Thoughts on Escaping The Rat Race
|December 22, 2009||Posted by Roshawn Watson under Uncategorized|
What Is The Rat Race?
The Sad State of American Finances
Even with the never-ceasing coverage of bad economic news, we still have poor fiscal management. According to the 2009 Consumer Financial Literacy Survey, less than half of adults keep close track of their spending, and several had no idea of food costs, housing costs, entertainment costs, and do not monitor their overall spending. I would argue that much fewer people rigorously budget than this study indicates. Additionally, one-third of adults put no part of their annual household income towards retirement. 57% of adults spend less than they did a year ago although 45% of those now spending less admit that if their financial situation were to improve, they would resume their previous spending habits. One-third of adults report having no savings, and only 23% save more than they did a year ago. 48% Generation Y adults have no savings. Also, many of us are well aware of our poor financial awareness. 41% of U.S. adults gave themselves a grade of C, D, or F on their knowledge of personal finance (I wonder what percentage of us are in denial).
To be Free, This Just Won’t Do
If we truly desire to escape the rat race, we obviously must increase our financial literacy and execute better financial decisions, regardless of our income. Consider that even a household making a modest $40,000 per year income will bring in over $2 million during the typical working life-time. One of the biggest misconceptions about millionaires is that they all have huge incomes. While the median millionaire income is in excess of $100K, there are still plenty who make less than six figures who cross the mark through conscientious financial planning. If you want to retire early, some of the best ways to prepare are…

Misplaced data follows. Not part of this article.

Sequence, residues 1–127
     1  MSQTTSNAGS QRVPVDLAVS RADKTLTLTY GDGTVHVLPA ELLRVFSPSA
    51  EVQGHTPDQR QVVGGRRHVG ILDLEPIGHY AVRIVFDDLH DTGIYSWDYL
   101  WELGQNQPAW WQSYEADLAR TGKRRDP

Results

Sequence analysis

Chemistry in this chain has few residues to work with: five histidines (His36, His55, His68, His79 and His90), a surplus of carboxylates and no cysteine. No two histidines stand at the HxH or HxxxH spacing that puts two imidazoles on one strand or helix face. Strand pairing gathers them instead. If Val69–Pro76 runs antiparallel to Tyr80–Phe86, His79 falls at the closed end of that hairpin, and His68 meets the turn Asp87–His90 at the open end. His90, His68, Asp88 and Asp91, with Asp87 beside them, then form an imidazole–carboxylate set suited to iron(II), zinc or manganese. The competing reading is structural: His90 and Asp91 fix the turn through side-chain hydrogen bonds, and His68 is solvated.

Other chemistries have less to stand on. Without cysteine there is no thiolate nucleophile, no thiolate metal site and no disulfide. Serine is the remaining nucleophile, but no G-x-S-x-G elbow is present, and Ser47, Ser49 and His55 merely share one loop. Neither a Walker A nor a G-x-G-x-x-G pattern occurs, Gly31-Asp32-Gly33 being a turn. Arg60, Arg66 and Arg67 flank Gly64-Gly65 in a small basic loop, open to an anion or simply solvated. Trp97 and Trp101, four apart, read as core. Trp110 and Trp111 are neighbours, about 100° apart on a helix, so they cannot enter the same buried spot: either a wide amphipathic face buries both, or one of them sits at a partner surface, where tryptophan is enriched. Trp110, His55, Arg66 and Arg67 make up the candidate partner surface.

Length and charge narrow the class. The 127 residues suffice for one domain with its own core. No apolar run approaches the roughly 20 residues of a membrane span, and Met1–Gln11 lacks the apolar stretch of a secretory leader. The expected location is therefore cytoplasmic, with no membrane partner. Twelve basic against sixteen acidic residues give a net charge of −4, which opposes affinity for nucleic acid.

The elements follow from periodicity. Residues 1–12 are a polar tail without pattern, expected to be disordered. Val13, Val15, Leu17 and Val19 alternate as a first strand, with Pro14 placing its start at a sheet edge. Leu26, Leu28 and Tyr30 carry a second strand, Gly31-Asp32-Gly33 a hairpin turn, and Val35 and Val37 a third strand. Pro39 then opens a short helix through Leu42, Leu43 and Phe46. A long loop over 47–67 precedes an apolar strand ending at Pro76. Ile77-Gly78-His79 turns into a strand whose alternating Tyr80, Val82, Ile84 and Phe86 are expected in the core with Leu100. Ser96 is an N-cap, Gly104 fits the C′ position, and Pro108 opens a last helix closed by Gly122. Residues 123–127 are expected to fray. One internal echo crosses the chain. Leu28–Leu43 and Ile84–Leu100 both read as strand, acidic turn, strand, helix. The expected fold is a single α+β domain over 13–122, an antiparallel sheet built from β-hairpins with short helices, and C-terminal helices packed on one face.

- Eliminate your consumer debt. The reason this is so key is because as long as you are mired in debt, it will be difficult to build any real wealth unless you have an exceptional income.
- Stash between 15 to 33% of your income away for retirement, regardless of your net worth. Consider that the majority of millionaires invest at least 15% of their incomes and live on less than 7% of their overall net worth.
- Consider owning investment real estate. 46% of millionaire households own investment real estate. Yes, owning and managing property can be a hassle, especially if you have no business acumen and no people skills. Few people enjoy the stress of being a landlord, for example, but learning how to be a good one can be key to increasing your cash flow.
- Make savings and investing automatic. If money is funneled directly from your paycheck into your investment account, you won’t give it a chance to get spent.
- Start as early as possible. Beginning at age 30, if you save $671 each month at an 8% return, you’ll have $1 million by age 60. Begin at age 40, and you need to save $1,698 each month.
- Cut your expenses. A recent article in the WSJ suggests most middle-class household budgets can be cut. The most common advice is to look at your current expenditures and see where you can pare back.
These are all tried and proven tips, but unfortunately, the real problem lies not in an inability to grasp these concepts or even a lack of available information but rather a lack of desire. For most people, being financially inept reflects irresponsibility or disinterest, especially considering all the resources available. I have purchased books and audio books for several people, only to find them unread years later. If you never get fed up enough, you won’t act. Get disgusted with your financial situation today. Don’t leave your family’s financial destiny to chance. Even if you don’t plan to retire, you should still change. Just because you are financially able to leave your job doesn’t mean you have to. Becoming a financial champion is about giving your family more choices, so choose freedom.
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Image Credit: sunnymarry
Copyright 2012, Roshawn Watson, Pharm.D., Ph.D. All Rights Reserved.